Federal grant to target tobacco, obesity in Missouri

Thursday, July 22, 2010 | 3:07 p.m. CDT; updated 2:30 p.m. CDT, Thursday, April 7, 2011

JEFFERSON CITY— The Missouri Foundation for Health has been awarded a $2 million federal grant to reduce obesity and tobacco use in low-income communities.

The nonprofit foundation was one of 11 selected nationally to receive the first-ever Social Innovation Fund grants. The money comes from a federal agency known as the Corporation for National and Community Service.

The program uses federal grants to leverage additional private money. The Missouri Foundation for Health plans to add some of its own money to the $2 million grant, then distribute the funds to up to 20 other nonprofit groups across the state.

Those local nonprofits also will have to put up matching funds. The federal grant is expected to result in an $8 million program in Missouri.


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tom kelly July 22, 2010 | 10:17 p.m.

I don't understand this at all. Whether low income or not, what information or strategies can you possibly have for obesity or smoking that people don't already know?

Are you saying low income people can't read, or need help saying NO to food or cigs? What is this nonsense?

Don't eat or smoke. That covers it. Can I have the 2 mil ?

(Report Comment)
Anne Christnovich July 23, 2010 | 10:12 a.m.

It isn't that residents of low income areas can't read or need help "saying no to food."

Rather, studies being done in the last decade or so are showing that low-income neighborhoods don't have easy access to healthy, affordable foods.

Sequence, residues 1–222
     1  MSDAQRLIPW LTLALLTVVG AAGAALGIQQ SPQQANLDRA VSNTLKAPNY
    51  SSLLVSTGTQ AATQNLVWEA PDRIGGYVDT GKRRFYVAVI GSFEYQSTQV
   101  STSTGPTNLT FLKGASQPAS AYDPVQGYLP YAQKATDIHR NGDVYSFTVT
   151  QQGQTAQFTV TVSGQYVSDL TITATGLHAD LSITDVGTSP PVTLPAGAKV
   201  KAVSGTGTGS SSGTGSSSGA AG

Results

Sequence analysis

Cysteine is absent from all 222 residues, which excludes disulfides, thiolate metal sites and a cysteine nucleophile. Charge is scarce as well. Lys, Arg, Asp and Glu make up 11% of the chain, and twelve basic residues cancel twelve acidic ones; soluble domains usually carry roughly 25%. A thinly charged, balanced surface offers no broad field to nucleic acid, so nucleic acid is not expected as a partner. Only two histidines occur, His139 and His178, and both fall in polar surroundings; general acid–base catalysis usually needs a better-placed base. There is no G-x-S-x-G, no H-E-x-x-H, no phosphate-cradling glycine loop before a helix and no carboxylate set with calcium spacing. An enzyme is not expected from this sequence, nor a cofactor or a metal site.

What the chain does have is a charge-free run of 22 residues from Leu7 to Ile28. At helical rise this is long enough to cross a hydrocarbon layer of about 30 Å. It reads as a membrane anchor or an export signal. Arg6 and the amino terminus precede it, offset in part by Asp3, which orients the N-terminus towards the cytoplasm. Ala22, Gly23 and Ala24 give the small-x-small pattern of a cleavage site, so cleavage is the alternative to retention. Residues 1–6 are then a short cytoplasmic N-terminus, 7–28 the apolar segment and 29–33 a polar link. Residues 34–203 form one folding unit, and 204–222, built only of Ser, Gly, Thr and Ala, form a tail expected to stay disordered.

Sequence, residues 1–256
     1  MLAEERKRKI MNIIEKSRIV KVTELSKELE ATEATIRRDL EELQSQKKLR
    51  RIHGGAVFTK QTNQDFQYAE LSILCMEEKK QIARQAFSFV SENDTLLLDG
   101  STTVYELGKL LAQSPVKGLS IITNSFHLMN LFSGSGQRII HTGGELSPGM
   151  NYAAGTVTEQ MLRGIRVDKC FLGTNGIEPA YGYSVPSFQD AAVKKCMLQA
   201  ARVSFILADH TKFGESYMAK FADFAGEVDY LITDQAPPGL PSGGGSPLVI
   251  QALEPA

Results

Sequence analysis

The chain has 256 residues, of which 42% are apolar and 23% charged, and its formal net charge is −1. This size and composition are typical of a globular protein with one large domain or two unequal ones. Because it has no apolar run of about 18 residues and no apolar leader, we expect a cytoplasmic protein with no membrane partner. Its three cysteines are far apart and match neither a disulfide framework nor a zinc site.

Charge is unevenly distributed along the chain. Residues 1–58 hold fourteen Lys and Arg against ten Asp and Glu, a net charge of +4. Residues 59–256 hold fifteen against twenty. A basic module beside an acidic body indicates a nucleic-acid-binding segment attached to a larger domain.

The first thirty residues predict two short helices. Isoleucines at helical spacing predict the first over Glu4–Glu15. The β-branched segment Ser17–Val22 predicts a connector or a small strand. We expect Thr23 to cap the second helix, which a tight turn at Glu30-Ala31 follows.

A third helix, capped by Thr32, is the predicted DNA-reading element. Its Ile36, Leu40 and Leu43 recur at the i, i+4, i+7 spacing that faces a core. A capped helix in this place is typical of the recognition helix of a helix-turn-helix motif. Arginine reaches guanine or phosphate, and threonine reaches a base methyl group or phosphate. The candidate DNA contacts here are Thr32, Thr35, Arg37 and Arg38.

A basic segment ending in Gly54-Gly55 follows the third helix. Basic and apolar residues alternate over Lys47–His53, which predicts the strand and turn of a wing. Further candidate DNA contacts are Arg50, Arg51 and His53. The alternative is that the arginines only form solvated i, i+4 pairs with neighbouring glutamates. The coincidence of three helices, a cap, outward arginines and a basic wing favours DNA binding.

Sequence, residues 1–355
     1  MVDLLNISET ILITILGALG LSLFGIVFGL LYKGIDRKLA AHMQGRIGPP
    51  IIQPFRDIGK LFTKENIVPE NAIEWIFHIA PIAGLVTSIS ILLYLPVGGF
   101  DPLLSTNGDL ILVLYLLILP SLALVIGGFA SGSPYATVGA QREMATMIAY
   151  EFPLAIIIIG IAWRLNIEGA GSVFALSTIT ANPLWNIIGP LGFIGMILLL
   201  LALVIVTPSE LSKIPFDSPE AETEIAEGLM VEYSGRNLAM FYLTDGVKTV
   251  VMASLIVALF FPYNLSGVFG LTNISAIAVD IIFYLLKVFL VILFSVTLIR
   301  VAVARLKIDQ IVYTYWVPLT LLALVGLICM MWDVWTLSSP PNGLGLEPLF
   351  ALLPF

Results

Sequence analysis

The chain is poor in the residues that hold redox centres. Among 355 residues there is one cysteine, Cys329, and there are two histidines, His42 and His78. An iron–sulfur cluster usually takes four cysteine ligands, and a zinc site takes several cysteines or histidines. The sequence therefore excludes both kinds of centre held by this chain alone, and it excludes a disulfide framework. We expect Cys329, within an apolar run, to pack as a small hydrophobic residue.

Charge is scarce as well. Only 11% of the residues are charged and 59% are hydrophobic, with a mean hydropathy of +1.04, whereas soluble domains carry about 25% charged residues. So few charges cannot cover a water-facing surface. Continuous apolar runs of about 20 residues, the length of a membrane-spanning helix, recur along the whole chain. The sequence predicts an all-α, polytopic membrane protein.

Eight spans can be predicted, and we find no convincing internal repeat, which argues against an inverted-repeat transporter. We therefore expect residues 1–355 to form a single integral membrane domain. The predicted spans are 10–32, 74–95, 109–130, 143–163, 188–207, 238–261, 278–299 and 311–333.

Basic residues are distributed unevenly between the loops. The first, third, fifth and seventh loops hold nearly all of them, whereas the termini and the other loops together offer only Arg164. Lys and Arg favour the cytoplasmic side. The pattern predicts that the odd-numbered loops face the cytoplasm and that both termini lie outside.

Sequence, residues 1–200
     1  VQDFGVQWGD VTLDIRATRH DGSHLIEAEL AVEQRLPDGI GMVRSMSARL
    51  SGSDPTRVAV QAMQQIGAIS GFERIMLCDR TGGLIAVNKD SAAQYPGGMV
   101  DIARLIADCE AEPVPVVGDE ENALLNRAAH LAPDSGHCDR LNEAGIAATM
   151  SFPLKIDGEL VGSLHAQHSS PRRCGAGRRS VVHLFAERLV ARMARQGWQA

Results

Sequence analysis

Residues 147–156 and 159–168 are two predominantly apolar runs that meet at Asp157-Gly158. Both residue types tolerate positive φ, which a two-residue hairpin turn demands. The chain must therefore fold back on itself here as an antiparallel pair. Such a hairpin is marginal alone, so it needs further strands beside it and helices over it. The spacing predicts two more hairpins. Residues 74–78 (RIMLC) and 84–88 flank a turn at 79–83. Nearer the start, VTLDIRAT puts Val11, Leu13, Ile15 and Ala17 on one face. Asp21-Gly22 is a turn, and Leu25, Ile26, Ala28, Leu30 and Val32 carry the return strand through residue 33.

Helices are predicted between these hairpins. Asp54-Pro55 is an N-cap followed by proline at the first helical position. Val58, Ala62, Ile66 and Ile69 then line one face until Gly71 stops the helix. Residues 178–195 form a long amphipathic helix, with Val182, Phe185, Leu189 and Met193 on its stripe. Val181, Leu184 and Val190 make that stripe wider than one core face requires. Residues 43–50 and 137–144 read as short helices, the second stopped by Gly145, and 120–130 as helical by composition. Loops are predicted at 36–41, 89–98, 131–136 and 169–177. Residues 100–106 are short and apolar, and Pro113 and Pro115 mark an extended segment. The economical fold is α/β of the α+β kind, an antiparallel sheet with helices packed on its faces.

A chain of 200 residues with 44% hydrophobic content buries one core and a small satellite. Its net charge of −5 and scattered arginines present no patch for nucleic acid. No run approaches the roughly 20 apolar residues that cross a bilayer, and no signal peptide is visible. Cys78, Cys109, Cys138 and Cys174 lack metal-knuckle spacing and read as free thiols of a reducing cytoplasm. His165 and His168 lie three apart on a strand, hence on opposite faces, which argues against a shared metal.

Here's an interesting article relating to obesity in low-income areas:

As far as smoking education goes, low-income areas often don't enjoy educational programs such as D.A.R.E. Some reports indicate heightened stress for those with more money worries is linked to turning to smoking, drugs or alcohol to cope.

Missouri may be one of the recipients for this program because of the increase in youth hunger in the last year. According to, Missouri has the fifth highest rate of child food insecurity for children under the age of 18.

You can download the PDF of the full report here:

Thanks for your comment!

Anne Christnovich
Missourian assitant city editor

(Report Comment)
Ray Shapiro July 23, 2010 | 12:04 p.m.

("low-income neighborhoods don't have easy access to healthy, affordable foods.")

Low-income neighborhoods=clusters of people in a political party's jurisdiction where food stamps, WIC, AFDC/TANF, food pantries, HUD, Medicaid, "free clinics," the best urban mass transit, and unreported income from drug and other criminal activity prevails.

Easy access? Define easy.
"A food desert is generally defined as a location where residents have to travel twice as far to get to the nearest supermarket as their peers in wealthier parts of town."

1. Supermarkets proliferate in neighborhoods where lower levels of crime and well behaved, appreciative consumers become loyal customers.
2. Traveling twice as far to get to a Schnuck's or a Gerbe's in St. Louis from North Kings Highway should be no greater hardship than a resident South near "the Hill" getting to one. (The only difference is "the Hill" has more family-run delis and North Kings Highway has a Popeyes.)
3. Where are the local urban neighborhood Churches in educating the poor, obese, smoking and drinking residents of these urban areas? Why is it the government's job to fund initiatives such as this.
4. Just more wasted bureaucratic dollars being thrown out to buy votes and party loyalty. This money will not help solve the health and life-style problems being spewed by any of these "reports."

(Report Comment)

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